Case Study

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Dr. David Pope arrived at his office at 8:10 in a foul mood. One of his children kept him up half the night with a flu. He is usually able to spend a couple of hours in the evening at home reading reports from his department heads, but the sick child had precluded last night. His secretary greeted him cheerily and handed him three phone messages that have come in already.

Dr. Pope was the director for engineering for the Seagraves Corporation. Two of the messages were marked urgent: he decided to return George Jamison’s call first. Jamison was the head of plant engineering. “Dave, we had a bad fire at the North Plant last night. It started in the window air conditioner checkout line. Looks like they’ll be out at least a couple of weeks unless I can work my people overtime,” reported Jamison. After some discussion, Pope authorized Jamison to work as much overtime as necessary to get the line going again. Jamison promised to keep Pope posted on progress. Next Pope called Dr. John Bush, the director of research and development.

BUSH:Thanks for returning my call so promptly, David. I was talking to Pat Wright at a cocktail party last night, and he told me that there is going to be trouble at the new products committee meeting tomorrow morning. Seems Sherry Smith has decided that our waste treatment plant is inadequate to handle the additional load from the degreasers needed for the new refrigerator line I knew we’d have nothing but trouble putting a consumer advocate on the committee.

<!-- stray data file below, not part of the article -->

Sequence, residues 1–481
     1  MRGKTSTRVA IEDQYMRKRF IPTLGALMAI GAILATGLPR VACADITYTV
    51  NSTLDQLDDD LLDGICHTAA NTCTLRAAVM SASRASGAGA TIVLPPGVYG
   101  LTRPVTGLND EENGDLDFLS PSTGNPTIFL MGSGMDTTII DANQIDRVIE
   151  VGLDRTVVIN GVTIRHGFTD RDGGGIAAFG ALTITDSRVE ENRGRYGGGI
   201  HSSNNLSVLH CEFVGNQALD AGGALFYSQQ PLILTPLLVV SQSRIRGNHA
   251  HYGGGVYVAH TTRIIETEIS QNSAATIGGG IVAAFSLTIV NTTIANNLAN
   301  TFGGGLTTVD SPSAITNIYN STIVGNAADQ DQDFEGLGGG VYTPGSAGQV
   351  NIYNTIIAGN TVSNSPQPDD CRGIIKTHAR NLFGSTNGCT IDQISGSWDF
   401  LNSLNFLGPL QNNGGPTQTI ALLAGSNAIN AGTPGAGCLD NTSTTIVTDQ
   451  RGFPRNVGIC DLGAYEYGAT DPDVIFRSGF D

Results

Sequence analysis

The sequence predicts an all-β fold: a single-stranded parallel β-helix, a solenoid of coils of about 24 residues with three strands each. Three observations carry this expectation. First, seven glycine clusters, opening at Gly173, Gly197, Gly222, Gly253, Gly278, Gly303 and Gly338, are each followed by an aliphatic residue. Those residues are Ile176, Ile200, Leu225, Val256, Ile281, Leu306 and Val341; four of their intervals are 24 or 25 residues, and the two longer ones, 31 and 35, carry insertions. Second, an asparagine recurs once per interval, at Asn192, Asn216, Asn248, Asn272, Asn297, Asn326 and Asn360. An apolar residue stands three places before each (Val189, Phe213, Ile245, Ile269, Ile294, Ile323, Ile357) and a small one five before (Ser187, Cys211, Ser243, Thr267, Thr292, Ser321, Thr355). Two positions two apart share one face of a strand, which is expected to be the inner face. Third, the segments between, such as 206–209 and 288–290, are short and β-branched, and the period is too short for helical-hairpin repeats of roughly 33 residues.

POPE:What brought about her concern?

BUSH:Seems she read an article about river pollution and went down and talked to one of the operators at the treatment plant.

POPE: Okay, John, don’t worry. I’ll bring a copy of that study Jamison’s people did. That ought to satisfy everyone’s concerns. Maybe you should call on me at some appropriate point in your presentation, and I’ll say a few words in this regard.

BUSH:Great, I’m sure glad I went to that party and ran into Wright. That would have been a nasty shock to have gotten hit cold.

As he hangs up, Janice, his secretary, enters and reminds him of his 10 o’clock appointment and his intention to call the company plant attorney.

JANICE: Here’s the mail. Nothing much except a budget request from industrial engineering and a research proposal from material engineering. Oh, yes, Joe Land stopped by and wants to see you when you’re free. He said it was something to do with that new engineer he wants to hire. I almost forgot: the flight you wanted to Washington was booked, so I put you on the 4 p.m. flight on the tenth. Pope quickly went though the mail. He signed without reading the proposal from the materials group to a government agency; dictated on his recorder a negative reply to an invitation to speak to a regional meeting of ASPE, on the excuse that he would be out of town; noted on his appointment calendar the date of the United Way (of which he was a member) board meeting; and read the request from the Industrial Engineering Department for a new minicomputer and made some notes on it requesting clarification of certain portions and further justification for why they could not use the company’s CDC 7600 computer.

It was now 9:15; he called Janice in and asked; “Who is this meeting at 10 o’clock with?” Once told, he asks Janice to arrange for his administrative assistant to be present at the meeting. He also told her to call Joe Land and tell him to come on up. Picking up the phone, he returns the call of George Wallace, the general sales manager. Wallace’s secretary says he is out of the office but will call back. As Pope hangs up, Joe Land enters his office. For the next 30 minutes they discuss the pros and cons of two applicants who have been interviewed for a lead engineer’s job. They finally agree on one of the applicants, and Pope tells Land to get together with personnel on the salary to be offered but to check him first...
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